Civil rights activist Joan Trumpauer Mulholland visited Augusta University as the keynote speaker of the Dr. Martin Luther King Jr. Birthday Celebration held on Jan. 15.
The annual event, hosted by Augusta University, Paine College and Augusta Technical College, celebrates the life and achievements of King and other prominent civil rights activists.
Mulholland, who was the first white student to integrate Tougaloo College in Mississippi, had a few words for the late doctor.
“We know it wasn’t just you, all by yourself, but you were the inspiration, the voice and the spokesperson for all of us, for all of us thousands of folks who were following you and working for change,” Mulholland said.
And when Mulholland says “us,” she truly means “us.”
Her involvement with the fight for civil rights as a Freedom Rider brought her face-to-face with the Ku Klux Klan. It also earned her a cell on death row at the Mississippi State Penitentiary.
Those struggles, she said, only helped to strengthen her resolve, as similar acts strengthened the resolve of other civil rights activists across the country.
One such act was the March on Washington, an event Mulholland remembered fondly.
“Now, at that March on Washington Speech, he was dreaming,” she said. “That wasn’t even part of the speech. King gave his speech, and then he just went off, pie in the sky dreaming’. Us students, we thought, ‘Man, get your feet back on the ground and do something!’”
Looking back, Mulholland said she could now appreciate what King’s speech accomplished.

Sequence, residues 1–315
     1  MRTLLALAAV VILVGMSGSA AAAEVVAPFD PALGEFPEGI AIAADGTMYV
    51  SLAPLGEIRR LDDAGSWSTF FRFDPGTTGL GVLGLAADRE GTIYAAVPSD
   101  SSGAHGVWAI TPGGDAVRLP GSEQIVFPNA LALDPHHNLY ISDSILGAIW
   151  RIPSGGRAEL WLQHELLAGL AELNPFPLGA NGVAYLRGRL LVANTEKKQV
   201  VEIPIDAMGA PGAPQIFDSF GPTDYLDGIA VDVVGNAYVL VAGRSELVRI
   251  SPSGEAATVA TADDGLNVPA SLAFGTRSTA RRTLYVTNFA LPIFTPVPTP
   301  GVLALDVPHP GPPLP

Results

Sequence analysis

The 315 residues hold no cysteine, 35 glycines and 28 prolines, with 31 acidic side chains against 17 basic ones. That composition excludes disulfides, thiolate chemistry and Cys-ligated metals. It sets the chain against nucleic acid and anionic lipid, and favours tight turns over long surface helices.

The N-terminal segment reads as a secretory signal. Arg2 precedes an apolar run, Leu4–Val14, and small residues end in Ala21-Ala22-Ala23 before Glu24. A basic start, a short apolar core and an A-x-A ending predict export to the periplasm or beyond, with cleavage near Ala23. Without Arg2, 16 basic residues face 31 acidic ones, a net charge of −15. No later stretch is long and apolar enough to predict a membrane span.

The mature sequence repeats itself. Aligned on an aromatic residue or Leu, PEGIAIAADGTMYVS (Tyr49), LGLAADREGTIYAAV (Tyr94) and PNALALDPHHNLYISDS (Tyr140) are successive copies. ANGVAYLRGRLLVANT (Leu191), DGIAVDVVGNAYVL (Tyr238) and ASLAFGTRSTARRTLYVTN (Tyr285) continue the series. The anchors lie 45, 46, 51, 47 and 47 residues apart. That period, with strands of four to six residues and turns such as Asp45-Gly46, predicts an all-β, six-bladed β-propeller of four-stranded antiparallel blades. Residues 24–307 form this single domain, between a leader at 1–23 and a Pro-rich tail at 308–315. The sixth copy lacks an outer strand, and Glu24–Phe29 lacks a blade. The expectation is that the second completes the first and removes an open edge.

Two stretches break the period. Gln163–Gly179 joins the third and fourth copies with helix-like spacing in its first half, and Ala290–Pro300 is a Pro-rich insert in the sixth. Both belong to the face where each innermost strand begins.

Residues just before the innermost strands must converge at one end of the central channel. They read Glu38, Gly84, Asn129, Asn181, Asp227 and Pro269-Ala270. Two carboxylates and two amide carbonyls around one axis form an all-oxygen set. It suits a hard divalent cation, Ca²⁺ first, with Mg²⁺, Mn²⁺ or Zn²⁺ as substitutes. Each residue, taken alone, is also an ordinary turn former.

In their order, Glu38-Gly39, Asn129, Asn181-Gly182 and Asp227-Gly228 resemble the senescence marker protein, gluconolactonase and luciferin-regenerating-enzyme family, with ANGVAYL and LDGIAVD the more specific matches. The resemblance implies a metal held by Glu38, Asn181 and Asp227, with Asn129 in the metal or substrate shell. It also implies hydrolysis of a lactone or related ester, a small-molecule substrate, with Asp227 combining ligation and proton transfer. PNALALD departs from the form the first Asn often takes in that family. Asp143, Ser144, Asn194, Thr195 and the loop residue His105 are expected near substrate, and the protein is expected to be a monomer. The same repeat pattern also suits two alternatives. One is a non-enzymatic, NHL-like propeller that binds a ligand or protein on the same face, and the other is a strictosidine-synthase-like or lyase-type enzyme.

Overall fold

“Today, I can see that that dream was really a beautiful expression of the world we wanted to see and we’re not there yet,” she said. “We’ve still got a long, weary road. But you know, you just do one little thing, and you don’t know where it’ll lead.”
She cited the lunch counter sit-ins and the expression of the Freedom Rides, claiming both had an immeasurable impact on American civil rights.
“Four guys sat at a lunch counter in Greensboro,” she said. “Within weeks, thousands of people were demonstrating across the country. Virtually every southern town with a college had students sitting at those lunch counters. Mississippi was a little behind the times; they didn’t get to it until 1963, but I was there.”
Dr. Brooks Keel, president of Augusta University, said it was a tremendous honor to host the Martin Luther King Jr. Birthday Celebration on the university’s historic Summerville Campus and that it was fitting for such a celebration to be hosted by higher education institutions.
“One of our great privileges and one of our greatest responsibilities is to create leaders, to provide the education, inspiration and opportunities for our young people so that they are equipped to step up and lead our community, our state, our nation and our world through the challenges and opportunities of tomorrow,” he said. “Those challenges and opportunities are no less momentous and no less historic than those faced by Dr. King so many decades ago.”
Keel ended his welcome by echoing Mulholand in asking that all students, all community members, carry on the legacy of Martin Luther King Jr in their everyday lives.
“Let us pledge to continue his legacy of leadership, to both be today’s leaders but also to strive to educate and inspire tomorrow’s leaders,” he said. “To have the courage, the vision and the passion to make the world a place where Dr. King’s enduring dream holds true for all.”